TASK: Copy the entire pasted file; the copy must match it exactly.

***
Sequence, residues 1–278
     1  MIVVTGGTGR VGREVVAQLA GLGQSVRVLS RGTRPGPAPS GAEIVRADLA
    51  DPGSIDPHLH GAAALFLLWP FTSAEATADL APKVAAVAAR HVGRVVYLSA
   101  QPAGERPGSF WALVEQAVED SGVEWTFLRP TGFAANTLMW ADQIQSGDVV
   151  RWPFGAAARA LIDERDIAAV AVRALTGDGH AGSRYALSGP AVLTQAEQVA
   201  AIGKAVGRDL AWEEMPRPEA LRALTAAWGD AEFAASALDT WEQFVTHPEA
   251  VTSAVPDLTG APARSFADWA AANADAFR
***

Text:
Sequence, residues 1–278
     1  MIVVTGGTGR VGREVVAQLA GLGQSVRVLS RGTRPGPAPS GAEIVRADLA
    51  DPGSIDPHLH GAAALFLLWP FTSAEATADL APKVAAVAAR HVGRVVYLSA
   101  QPAGERPGSF WALVEQAVED SGVEWTFLRP TGFAANTLMW ADQIQSGDVV
   151  RWPFGAAARA LIDERDIAAV AVRALTGDGH AGSRYALSGP AVLTQAEQVA
   201  AIGKAVGRDL AWEEMPRPEA LRALTAAWGD AEFAASALDT WEQFVTHPEA
   251  VTSAVPDLTG APARSFADWA AANADAFR